Jumaah #21

Assalam alaikoum wa Rahmatullaah wa Barakaatuh,

One of my favourite Qaris! 🙂


Freedom to Syria!

Assalam alaikoum wa Rahmatullaah wa Barakaatuh,

This is such an impressive form of activism taken in Australia! There are many ways to spread awareness about the situation in Syria and this is one creative way of doing so.

I haven’t been following with the updates on Syria because most often than not, there are gruesome pictures of people being brutally murdered in the news and I cannot bear to see them. Ya Rabb, I feel so helpless that I can’t do much for them except dua. Can you imagine being trapped in a place where you have nowhere to run and hide and yet there are tyrants hunting you? I don’t think anyone is able to truly fathom what it feels like to be in their position.

Latest news is that the mujahideen are in Syria to help and insha’Allah victory. May Allah reward them for their sacrifice! Next place they should head is Myanmar to help the Rohingya Muslims. Subhan’Allah, so many of our Muslim brothers and sisters are being ruthlessly killed =,(

There’s a story which was narrated by Sh Navaid Aziz in the video (I’ve posted this before but reposting below) about the Sahabah, Abu Dhar (May Allah be pleased with him). When Abu Dhar was asked what made him decide to be the guarantor for the boy, his reply was “I saw a Muslim in need and I did not want anyone to say that a Muslim was in need and no one was there to help him”. I cried watching the video when it reminded me of Muslims around the world being oppressed and slaughtered and yet we are helpless. The Ummah is so weak that we are not even able to defend ourselves.. ya Rabb =,(

Jumaah #20

Assalam alaikoum wa Rahmatullaah wa Barakaatuh,

(I just remembered that I’ve not had Jumaah reminders for ages!)

This Ramadan, let’s train ourselves insha’Allah that when we hear Al-Laghw, we immediately disassociate ourselves from it. Our time in the blessed month is too short to waste with idle talk. A reminder for myself and all of you bi’ithnillah.

Making the changes – Sh. Omar Suleiman

Assalam alaikoum wa Rahmatullaah wa Barakaatuh,

How many of you out there listen to Sh. Omar Suleiman’s lectures too? I feel like he is being overshadowed by speakers like Bro Nouman Ali Khan and Sh. Abdul Nasir Jangda when Sh. Omar’s lectures are equally as inspiring. One of my favourite lectures is this one that I posted up. Khayr insha’Allah..

Here’s the outline of his lecture:

1. Eliminate the poisons in your life that are not allowing you to change

“Do you really think Allah SWT is going to give you khushoo’ in your Salaah when your eyes have been going all over the place, all day and all of a sudden you are going to Salaah and Salaah is going to be okay?”. Get rid of those things that will be a hindrance to you, excelling your relationship with Allah SWT.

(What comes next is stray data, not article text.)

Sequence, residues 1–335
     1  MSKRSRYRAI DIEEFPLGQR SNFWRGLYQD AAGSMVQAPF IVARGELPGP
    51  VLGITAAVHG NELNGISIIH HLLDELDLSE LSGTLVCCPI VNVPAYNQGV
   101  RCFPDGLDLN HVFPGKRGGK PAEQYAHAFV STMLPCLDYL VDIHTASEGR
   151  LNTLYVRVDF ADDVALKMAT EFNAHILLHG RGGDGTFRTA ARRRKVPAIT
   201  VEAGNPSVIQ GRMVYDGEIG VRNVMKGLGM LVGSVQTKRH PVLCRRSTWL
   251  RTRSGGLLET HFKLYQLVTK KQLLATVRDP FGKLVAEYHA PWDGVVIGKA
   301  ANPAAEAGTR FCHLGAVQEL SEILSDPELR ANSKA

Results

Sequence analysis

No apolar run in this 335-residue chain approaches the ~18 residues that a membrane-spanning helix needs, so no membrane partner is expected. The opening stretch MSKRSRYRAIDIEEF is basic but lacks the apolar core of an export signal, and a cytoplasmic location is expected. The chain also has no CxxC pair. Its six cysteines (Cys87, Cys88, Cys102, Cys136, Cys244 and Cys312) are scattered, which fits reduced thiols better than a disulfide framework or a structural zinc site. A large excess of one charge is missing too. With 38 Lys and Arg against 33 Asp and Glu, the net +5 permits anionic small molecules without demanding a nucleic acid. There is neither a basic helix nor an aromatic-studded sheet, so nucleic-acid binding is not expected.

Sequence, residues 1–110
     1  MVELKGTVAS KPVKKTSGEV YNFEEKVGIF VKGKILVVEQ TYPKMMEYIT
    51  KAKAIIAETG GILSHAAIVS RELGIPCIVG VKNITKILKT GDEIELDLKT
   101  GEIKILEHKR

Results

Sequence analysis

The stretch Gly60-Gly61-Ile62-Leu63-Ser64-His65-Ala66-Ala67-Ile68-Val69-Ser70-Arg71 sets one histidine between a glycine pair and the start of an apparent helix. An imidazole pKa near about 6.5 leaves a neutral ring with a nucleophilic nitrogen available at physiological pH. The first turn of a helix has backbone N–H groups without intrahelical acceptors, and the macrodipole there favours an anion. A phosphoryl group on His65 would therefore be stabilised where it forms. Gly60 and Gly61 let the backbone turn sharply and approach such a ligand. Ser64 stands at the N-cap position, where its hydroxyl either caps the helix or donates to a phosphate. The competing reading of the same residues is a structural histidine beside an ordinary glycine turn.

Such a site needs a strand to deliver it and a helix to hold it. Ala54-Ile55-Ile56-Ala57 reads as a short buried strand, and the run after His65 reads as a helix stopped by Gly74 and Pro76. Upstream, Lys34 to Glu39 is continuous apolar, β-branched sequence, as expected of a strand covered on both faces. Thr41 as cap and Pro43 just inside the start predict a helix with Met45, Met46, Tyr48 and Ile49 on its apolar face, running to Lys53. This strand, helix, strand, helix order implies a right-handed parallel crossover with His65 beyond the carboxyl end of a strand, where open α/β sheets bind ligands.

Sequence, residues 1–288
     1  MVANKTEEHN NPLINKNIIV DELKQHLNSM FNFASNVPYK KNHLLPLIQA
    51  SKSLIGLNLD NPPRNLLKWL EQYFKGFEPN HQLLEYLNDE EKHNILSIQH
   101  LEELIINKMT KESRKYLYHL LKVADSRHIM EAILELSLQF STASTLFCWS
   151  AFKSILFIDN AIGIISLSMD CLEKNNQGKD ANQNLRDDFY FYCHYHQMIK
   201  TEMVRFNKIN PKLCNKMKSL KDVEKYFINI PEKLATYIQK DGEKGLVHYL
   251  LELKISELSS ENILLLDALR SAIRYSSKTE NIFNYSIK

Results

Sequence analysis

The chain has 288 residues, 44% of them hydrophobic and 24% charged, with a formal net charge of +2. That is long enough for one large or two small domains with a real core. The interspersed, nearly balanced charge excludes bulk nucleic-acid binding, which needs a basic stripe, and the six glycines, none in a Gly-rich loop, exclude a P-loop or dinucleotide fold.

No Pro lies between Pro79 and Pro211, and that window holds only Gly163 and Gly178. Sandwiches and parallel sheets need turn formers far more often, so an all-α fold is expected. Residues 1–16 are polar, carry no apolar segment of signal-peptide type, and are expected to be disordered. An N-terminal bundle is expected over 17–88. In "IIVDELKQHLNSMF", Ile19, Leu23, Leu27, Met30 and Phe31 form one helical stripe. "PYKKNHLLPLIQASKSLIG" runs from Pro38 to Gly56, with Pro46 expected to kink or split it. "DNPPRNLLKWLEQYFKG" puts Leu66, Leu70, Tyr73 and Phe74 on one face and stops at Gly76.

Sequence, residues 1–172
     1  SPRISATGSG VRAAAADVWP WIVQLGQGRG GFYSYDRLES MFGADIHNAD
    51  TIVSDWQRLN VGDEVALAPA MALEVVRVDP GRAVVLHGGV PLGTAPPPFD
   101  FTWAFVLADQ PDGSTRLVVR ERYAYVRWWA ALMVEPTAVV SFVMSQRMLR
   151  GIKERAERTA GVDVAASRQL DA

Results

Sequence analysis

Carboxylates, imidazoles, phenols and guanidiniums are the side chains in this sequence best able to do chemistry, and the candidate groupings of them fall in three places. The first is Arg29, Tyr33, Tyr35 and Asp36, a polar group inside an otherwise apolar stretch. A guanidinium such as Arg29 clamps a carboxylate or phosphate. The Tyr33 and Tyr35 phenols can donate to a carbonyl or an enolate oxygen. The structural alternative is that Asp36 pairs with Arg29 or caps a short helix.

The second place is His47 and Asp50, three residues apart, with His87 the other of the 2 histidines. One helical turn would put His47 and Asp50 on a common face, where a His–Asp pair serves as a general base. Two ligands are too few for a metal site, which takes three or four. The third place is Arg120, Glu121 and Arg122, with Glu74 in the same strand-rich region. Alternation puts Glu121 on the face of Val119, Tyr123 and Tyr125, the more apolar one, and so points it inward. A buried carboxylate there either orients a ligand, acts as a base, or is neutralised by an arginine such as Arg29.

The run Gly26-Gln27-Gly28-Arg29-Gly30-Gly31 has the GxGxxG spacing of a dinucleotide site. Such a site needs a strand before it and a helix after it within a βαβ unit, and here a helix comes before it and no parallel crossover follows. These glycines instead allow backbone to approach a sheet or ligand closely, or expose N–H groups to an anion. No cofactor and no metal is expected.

2. An ounce of prevention is better than a pound of cure.

“Stop yourself before you fall into those situation”

3. K.I.S.S (Keep It Simple Sunnah)

“Find something small in your life that you are capable of doing and stick with it. Eventually, that will accumulate. Eventually, that might be the cause of you entering into Jannah”

4. Think progress

” Think progress, don’t think backwards. Shaitan always pulls you this way and Allah SWT always calls you forward”

5. “On your way to becoming a good Muslim, don’t become a crappy human being”

“Becoming a more religious person should not make you a jerk. It should not make your character worse. It should not make you more condescending towards people. It should make you more humble. It should make you more loving. It should make you more compassionate. It should make you more caring. Don’t become a terrible person on your way to becoming a better Muslim.”


Good practical tips by him masha’Allah! I like the 3rd and 5th points especially. We tend to overdo our ibadaah to the extent that we become ‘burn out’ overtime. But the best is to be consistent in our deeds rather than doing being too enthusiastic and eventually abandoning them later.

The 5th advice resonates the most with me. I find that when we start to become more practising in our Deen, we strive to perfecting ourselves, and at the same time we expect others to be on the same path too when we should understand that everyone is on a different spiritual journey. We see a lot of jerks these days when really, there is no need to be harsh when correcting others.

Let me know what you think of his lecture!

5 Gems from Prof Tariq Ramadan’s lecture

Assalam alaikoum wa Rahmatullaah wa Barakaatuh!

I can’t say how fortunate I was to be able to attend Prof. Tariq Ramadan’s lecture titled “Religious ethics in Post Modern Society” last night. The title itself sounds complex and I admit that at the beginning of the lecture, I was losing focus. It was only towards the end when he started to tie everything to today’s context, well.. he just blew me away 🙂 I kept uttering ‘Masha’Allah’ under my breath each time he says something profound. Here are some gems which I managed to jot down during the lecture and insha’Allah share some of my views. Like he said in the lecture.. “Don’t be passive believers or listeners.”

1) “Education is not just transmitting knowledge, but transforming behaviour”

We are so caught up with the paper chase that we don’t realize the importance of education can have on our lives. In schools, students are taught to regurgitate facts but yet fail to allow space for them to think critically. The goal that is always emphasized is to achieve the highest marks and compete to be in the best schools and yet we fail to fathom the ultimate objective of education: transforming people. How is it that we strive to produce students who can memorize and score top marks and yet unable to have the compassion for others?

2) “What are you using your knowledge for – to serve humanity or yourself?”